This column first appeared in The Big Issue magazine. Journalism worth paying for.
A giant eye in an inky mass rose up of the water and beheld me. It was a humpback whale calf surfacing unexpectedly close to the prow of the boat where I stood. It was just a moment before it plunged again; but long enough for me to gasp out loud. A hundred years ago such an expedition from the California whaling port of Monterey, would have been armed with harpoons and saws to extract their monetary worth in oil, bone and blubber. But in 2014 it’s whale watching that brings in the crowds, and a marine biologist not a whale-hunter calling out the tell-tale spouts of a surfacing cetacean so tourists can marvel at their beauty.
If California is the ultimate American state, then Monterey and the surrounding coast embody the nation’s often contradictory environmental history; its ability to simultaneously celebrate and squander its natural resources. Electric cars in cities which destroyed most public transport; running energy guzzling driers when the sun shines almost every day because hanging washing up on lines is considered tacky.
80 years ago after whaling declines, Monterey was centre of a fishing industry. John Steinbeck’s Cannery Row immortalized in fiction the real stinking street, lined with canning factories where the plentiful shoals of anchovies and especially sardines were recklessly overfished – beyond human demand. Just in 1939 460,000 tons of sardines were caught. By the 1940s more than half the catch was being dried and powdered as fertilizer just to find some use for it. As Steinbeck wrote in the prologue to Cannery Row in 1945: “The whole street rumbles and groans and screams and rattles while the silver rivers of fish pour in out of the boats, and the boats rise higher and higher in the water until they are empty.” And then by the early 50s the fish stocks suddenly collapsed close to zero and the whole industry just closed down.
For years the canneries – rough corrugated metal sheds – stood rusting, a testament to American greed. But visit it now and it’s a tourist destination anew and an eco-tourist one at that. The whale watching feeds off the crowds drawn to the Monterey Bay aquarium since 1984. Steve Packard – one of the founders of the computer giant Hewlett-Packard – spent millions to build one of the greatest marine research institutes in the world. In giant tanks sunfish, shark and turtles cruise by. Clouds of jellyfish as exotic as aliens, with names to match, egg-yolk, flower-hat and moon are framed in tanks with dramatic lighting like the celebrity attractions they are.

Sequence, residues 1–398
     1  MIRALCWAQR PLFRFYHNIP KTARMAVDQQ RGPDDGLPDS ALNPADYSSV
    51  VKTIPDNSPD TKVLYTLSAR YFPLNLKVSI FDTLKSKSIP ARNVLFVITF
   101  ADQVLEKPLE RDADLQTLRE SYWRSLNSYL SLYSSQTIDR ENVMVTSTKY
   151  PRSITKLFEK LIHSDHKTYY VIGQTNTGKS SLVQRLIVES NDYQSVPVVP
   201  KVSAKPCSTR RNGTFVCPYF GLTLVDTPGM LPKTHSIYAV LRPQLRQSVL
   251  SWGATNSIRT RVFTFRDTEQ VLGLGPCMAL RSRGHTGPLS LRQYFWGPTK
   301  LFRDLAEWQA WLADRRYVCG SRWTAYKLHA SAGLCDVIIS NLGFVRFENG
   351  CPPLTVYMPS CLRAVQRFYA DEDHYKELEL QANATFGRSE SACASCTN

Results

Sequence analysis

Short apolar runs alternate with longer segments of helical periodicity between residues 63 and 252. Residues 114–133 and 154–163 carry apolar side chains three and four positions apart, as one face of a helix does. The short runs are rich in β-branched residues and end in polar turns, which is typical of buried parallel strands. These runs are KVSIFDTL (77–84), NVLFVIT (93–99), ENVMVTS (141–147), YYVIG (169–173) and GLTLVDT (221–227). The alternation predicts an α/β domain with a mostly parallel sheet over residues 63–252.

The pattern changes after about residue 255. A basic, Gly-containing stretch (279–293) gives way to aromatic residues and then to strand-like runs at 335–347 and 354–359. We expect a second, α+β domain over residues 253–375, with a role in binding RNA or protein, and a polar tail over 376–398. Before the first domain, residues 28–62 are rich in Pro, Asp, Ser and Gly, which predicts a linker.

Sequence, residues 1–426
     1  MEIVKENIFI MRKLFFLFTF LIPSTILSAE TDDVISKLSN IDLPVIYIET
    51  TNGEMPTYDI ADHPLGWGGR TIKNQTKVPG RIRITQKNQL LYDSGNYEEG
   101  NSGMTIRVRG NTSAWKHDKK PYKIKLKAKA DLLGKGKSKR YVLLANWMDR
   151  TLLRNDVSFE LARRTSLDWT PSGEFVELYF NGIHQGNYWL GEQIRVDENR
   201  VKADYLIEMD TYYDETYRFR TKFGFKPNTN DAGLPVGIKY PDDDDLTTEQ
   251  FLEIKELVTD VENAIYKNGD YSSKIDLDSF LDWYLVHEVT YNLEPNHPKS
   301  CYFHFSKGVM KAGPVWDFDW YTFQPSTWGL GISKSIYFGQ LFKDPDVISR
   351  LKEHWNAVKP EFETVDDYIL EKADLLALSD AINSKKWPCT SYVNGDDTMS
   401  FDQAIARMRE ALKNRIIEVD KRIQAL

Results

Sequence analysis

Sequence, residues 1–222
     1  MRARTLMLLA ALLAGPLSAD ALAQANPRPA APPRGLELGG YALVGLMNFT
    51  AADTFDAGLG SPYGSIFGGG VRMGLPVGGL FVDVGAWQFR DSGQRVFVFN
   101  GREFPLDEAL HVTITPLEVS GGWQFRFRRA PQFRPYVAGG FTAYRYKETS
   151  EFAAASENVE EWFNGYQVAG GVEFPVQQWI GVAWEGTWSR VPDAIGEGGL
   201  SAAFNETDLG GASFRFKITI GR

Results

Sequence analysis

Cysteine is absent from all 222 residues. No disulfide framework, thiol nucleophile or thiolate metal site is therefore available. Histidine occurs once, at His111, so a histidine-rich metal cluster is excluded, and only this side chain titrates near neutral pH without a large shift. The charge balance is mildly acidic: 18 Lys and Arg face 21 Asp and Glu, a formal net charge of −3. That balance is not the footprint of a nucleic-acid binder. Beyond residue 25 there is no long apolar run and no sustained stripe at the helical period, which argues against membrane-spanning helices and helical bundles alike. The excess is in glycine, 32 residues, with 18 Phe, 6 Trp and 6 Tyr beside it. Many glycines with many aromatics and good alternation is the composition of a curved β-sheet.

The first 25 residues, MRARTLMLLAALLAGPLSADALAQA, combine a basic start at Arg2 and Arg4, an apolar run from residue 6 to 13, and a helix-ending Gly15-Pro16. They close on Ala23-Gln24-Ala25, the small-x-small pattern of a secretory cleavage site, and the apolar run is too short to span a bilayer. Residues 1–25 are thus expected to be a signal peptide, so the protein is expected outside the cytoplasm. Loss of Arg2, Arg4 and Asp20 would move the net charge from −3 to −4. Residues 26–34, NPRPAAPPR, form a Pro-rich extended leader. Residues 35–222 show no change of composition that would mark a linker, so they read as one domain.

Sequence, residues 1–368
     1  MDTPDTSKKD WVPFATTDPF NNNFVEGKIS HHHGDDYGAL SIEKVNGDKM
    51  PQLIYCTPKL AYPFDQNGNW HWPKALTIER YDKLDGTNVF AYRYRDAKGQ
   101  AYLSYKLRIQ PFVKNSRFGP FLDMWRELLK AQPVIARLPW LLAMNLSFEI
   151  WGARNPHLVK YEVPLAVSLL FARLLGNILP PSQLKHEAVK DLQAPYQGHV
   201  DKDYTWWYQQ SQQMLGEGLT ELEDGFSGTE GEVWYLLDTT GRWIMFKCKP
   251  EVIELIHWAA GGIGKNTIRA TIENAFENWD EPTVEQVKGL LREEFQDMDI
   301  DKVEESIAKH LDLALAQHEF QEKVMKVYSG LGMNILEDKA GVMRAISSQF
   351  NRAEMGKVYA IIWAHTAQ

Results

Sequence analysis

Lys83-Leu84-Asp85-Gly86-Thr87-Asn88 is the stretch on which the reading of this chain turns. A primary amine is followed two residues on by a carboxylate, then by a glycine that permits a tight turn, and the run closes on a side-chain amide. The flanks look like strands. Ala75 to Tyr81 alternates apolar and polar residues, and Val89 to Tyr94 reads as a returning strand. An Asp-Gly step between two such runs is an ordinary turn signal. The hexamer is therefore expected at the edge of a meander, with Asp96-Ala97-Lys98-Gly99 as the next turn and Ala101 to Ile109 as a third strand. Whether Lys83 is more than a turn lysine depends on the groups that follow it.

Further down the coast, past Big Sur, Hearst castle looms on a hilltop over the small town of San Simeon – an enduring symbol from the same age of a different kind of environmental arrogance. Its billionaire builder, publishing magnate William Randolph Hearst, inspired the film Citizen Kane. The mansion built to house his binge purchases of Gothic church pews, medieval ceilings and tapestries is a charmless though fascinating folly. In 1957 only 6 years after his death his family handed it over to the state to be run as a California Monument museum in lieu, one assumes of massive tax liabilities. Now as California struggles with a third successful year of severe drought, I was among the visitors rather cynical at having to pay 25 dollars to use stinking portable toilets while the luxury rose gardens in this symbol of arrogance were lovingly watered.
On a visit to John Steinbeck’s home town of Salinas, just 12 miles inland from Monterey, was ample chance to ponder these strange environmental contraditions further. Steinbeck was fascinated by the relationship between humans and the environment in this magical corner of California. The Salinas valley is still America’s salad bowl. But I saw fields of kale and lettuce, being watered all day in the sapping heat by giant sprinklers and tended by hunched over Latino labourers.
By the time I got to Los Angeles that there were shiny Tesla all-electric cars to try out in the fancy Santa Monica showroom. LA and the car. Don’t start me. But I kept thinking of Cannery Row. Inside the aquarium they’ve kept the giant cannery machines that boiled and steamed and sealed the sardines in tins. It’s a bit macabre in a way. All those living fish in a place that used to slice and dice them. But it’s a more honest reminder too, of the power of humans to learn to respect what it used to destroy.